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sittingmore about sitting


  5  definitions  found 
  From  Webster's  Revised  Unabridged  Dictionary  (1913)  [web1913]: 
  Sit  \Sit\,  v.  i.  [imp.  {Sat}({Sate},  archaic);  p.  p.  {Sat} 
  ({Sitten},  obs.);  p.  pr  &  vb  n.  {Sitting}.]  [OE.  sitten, 
  AS  sittan;  akin  to  OS  sittian  OFries  sitta,  D.  zitten,  G. 
  sitzen,  OHG.  sizzen,  Icel.  sitja,  SW  sitta,  Dan.  sidde, 
  Goth.  sitan,  Russ.  sidiete  L.  sedere,  Gr  ???,  Skr.  sad. 
  [root]154.  Cf  {Assess},{Assize},  {Cathedral},  {Chair}, 
  {Dissident},  {Excise},  {Insidious},  {Possess},  {Reside}, 
  {Sanhedrim},  {Seance},  {Seat},  n.,  {Sedate},  {4th  Sell}, 
  {Siege},  {Session},  {Set},  v.  t.,  {Sizar},  {Size}, 
  1.  To  rest  upon  the  haunches,  or  the  lower  extremity  of  the 
  trunk  of  the  body;  --  said  of  human  beings,  and  sometimes 
  of  other  animals;  as  to  sit  on  a  sofa,  on  a  chair,  or  on 
  the  ground. 
  And  he  came  and  took  the  book  put  of  the  right  hand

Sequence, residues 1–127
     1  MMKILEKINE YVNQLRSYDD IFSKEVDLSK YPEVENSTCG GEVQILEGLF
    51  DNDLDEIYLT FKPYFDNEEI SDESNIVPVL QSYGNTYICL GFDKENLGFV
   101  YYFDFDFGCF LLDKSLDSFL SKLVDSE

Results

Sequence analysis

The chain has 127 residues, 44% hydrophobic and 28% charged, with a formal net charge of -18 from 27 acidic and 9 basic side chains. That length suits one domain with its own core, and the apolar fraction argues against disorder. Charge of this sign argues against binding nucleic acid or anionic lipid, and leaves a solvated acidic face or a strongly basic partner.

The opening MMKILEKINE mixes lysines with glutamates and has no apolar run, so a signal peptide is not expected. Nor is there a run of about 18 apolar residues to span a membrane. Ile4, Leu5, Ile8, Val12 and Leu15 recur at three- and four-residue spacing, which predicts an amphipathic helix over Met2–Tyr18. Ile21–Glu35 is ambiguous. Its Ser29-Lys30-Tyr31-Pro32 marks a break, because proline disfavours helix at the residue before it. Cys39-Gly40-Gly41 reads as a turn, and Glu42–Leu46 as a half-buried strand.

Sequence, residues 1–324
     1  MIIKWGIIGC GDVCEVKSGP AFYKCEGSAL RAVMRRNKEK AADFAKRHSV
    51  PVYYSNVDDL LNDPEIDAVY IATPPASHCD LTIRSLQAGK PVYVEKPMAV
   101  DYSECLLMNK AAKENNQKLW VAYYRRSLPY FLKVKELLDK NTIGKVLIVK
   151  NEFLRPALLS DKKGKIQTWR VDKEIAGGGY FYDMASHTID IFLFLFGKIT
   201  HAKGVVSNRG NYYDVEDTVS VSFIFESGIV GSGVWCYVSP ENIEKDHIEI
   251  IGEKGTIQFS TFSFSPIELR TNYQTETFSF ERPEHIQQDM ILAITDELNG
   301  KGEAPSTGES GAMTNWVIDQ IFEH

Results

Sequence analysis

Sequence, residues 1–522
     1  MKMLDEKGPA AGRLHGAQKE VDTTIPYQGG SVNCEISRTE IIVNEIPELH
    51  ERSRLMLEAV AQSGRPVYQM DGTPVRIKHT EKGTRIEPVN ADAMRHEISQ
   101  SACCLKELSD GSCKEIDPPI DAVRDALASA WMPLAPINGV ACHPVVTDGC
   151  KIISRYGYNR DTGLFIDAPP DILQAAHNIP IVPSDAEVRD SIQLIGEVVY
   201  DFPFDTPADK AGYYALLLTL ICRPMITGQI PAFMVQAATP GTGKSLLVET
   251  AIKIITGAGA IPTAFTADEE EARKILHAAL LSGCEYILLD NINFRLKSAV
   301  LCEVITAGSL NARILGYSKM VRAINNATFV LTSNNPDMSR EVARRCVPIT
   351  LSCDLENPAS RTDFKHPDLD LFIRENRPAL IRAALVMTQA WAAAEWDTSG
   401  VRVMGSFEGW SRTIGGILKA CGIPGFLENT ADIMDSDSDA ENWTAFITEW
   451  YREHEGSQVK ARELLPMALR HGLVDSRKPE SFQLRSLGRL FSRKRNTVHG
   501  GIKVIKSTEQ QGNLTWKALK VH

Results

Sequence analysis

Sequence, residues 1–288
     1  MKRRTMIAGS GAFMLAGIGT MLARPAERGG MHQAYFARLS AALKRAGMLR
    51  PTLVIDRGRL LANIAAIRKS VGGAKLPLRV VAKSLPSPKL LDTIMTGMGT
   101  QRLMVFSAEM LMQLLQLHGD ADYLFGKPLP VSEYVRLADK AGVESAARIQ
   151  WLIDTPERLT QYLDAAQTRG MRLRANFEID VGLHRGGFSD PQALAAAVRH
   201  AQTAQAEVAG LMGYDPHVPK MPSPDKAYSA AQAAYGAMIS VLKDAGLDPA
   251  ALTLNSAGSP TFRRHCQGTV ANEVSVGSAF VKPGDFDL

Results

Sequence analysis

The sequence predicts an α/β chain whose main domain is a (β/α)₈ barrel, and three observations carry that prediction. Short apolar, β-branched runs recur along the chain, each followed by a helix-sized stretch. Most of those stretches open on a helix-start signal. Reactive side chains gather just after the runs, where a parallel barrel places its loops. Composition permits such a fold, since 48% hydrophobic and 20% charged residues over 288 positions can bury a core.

of  him  that  sate  upon  the  seat.  --Bible  (1551) 
  (Rev.  v.  7.) 
  I  pray  you  jest,  sir,  as  you  sit  at  dinner.  --Shak. 
  2.  To  perch;  to  rest  with  the  feet  drawn  up  as  birds  do  on  a 
  branch,  pole,  etc 
  3.  To  remain  in  a  state  of  repose;  to  rest;  to  abide;  to  rest 
  in  any  position  or  condition. 
  And  Moses  said  to  .  .  .  the  children  of  Reuben, 
  Shall  your  brothren  go  to  war,  and  shall  ye  sit 
  here?  --Num.  xxxii 
  Like  a  demigod  here  sit  I  in  the  sky.  --Shak. 
  4.  To  lie,  rest,  or  bear;  to  press  or  weigh;  --  with  on  as 
  a  weight  or  burden  sits  lightly  upon  him 
  The  calamity  sits  heavy  on  us  --Jer.  Taylor. 
  5.  To  be  adjusted;  to  fit  as  a  coat  sts  well  or  ill. 
  This  new  and  gorgeous  garment,  majesty,  Sits  not  so 
  easy  on  me  as  you  think.  --Shak. 
  6.  To  suit  one  well  or  ill,  as  an  act  to  become  to  befit; 
  --  used  impersonally.  [Obs.]  --Chaucer. 
  7.  To  cover  and  warm  eggs  for  hatching,  as  a  fowl;  to  brood; 
  to  incubate. 
  As  the  partridge  sitteth  on  eggs,  and  hatcheth  them 
  not  --Jer.  xvii. 
  8.  To  have  position,  as  at  the  point  blown  from  to  hold  a 
  relative  position;  to  have  direction. 
  Like  a  good  miller  that  knows  how  to  grind,  which 
  way  soever  the  wind  sits.  --Selden. 
  Sits  the  wind  in  that  quarter?  --Sir  W. 
  9.  To  occupy  a  place  or  seat  as  a  member  of  an  official  body; 
  as  to  sit  in  Congress. 
  10.  To  hold  a  session;  to  be  in  session  for  official 
  business;  --  said  of  legislative  assemblies,  courts, 
  etc.;  as  the  court  sits  in  January;  the  aldermen  sit 
  11.  To  take  a  position  for  the  purpose  of  having  some 
  artistic  representation  of  one's  self  made  as  a  picture